Browse Prior Art Database

Enhanced Refresh Mechanism for Higher Performance in Memory Subsystems

IP.com Disclosure Number: IPCOM000113945D
Original Publication Date: 1994-Oct-01
Included in the Prior Art Database: 2005-Mar-27
Document File: 4 page(s) / 109K

Publishing Venue

IBM

Related People

Lang, DJ: AUTHOR [+3]

Abstract

An improved method for performing refreshes in systems with volatile memories such as Dynamic Random Access Memories (DRAM) and Synchronous Dynamic Random Access Memories (SDRAM) is disclosed. The scheme uses a priority mechanism to decide the winner in a contention situation. The scheme is dynamic to schedule refreshes for idle banks of memory while a different bank may be getting accessed.

This text was extracted from an ASCII text file.
This is the abbreviated version, containing approximately 52% of the total text.

Enhanced Refresh Mechanism for Higher Performance in Memory Subsystems

      An improved method for performing refreshes in systems with
volatile memories such as Dynamic Random Access Memories (DRAM) and
Synchronous Dynamic Random Access Memories (SDRAM) is disclosed.  The
scheme uses a priority mechanism to decide the winner in a contention
situation.  The scheme is dynamic to schedule refreshes for idle
banks of memory while a different bank may be getting accessed.

      Problem - One of the major performance degraders associated
with memory subsystems that utilize DRAMs or SDRAMs is that they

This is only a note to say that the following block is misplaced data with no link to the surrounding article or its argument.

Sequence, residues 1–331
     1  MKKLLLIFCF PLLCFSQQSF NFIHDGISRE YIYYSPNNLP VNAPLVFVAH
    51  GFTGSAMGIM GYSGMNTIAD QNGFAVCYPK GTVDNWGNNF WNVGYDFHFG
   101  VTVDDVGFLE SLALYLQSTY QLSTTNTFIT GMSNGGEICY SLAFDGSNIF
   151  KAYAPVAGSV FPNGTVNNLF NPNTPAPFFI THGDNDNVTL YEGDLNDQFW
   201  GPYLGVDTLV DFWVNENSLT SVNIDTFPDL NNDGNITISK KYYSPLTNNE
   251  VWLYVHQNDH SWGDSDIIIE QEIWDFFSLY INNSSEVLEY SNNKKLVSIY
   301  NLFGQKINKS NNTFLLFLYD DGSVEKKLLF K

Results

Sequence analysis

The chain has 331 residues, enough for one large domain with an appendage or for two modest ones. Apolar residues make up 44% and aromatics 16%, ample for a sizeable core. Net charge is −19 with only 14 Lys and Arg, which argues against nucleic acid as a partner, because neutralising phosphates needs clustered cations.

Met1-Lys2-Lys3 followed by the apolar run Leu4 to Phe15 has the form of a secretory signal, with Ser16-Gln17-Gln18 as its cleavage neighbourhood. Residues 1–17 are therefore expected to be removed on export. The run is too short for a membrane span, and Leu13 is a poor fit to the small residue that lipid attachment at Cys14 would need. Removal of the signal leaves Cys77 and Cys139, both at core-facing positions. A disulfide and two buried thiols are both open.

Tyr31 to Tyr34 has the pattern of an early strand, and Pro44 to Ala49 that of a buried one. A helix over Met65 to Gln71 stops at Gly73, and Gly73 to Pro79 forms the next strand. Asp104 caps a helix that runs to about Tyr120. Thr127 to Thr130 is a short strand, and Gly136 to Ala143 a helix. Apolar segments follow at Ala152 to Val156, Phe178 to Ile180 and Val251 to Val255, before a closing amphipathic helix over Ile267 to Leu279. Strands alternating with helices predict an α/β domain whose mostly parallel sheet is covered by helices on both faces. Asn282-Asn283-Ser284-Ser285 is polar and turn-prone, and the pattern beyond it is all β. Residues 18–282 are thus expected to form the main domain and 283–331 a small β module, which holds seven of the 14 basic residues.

require a refresh operation to be scheduled to a memory location at
least once within a refresh period.  A typical refresh period is 15.6
micro-seconds.  This requirement to perform a refresh causes a
functional request to the memory to be delayed thereby causing "wait
states"  in the processor.  The invention outlined in this document
solves the refresh performance penalty.

      Solution - This invention advances the state of the art by
solving the refresh performance problems by dividing the refresh
period for the memory into two main zones.  They are "low priority"
and "high priority." In addition to having two zones, the design
allows the transition from low to high priority to be programmable so
as to optimize the scheme for memory performance based on workload
types.

      During the "low priority"  time slot, a refresh request to a
memory location is honored only if the memory address is idle and
there are no functional requests to that particular memory address.
If a low priority refresh is completed, the refresh causes no
performance degradation in the system.  During a "high priority"
time slot, the refresh is honored regardless of system work-load.
This is necessary in orde...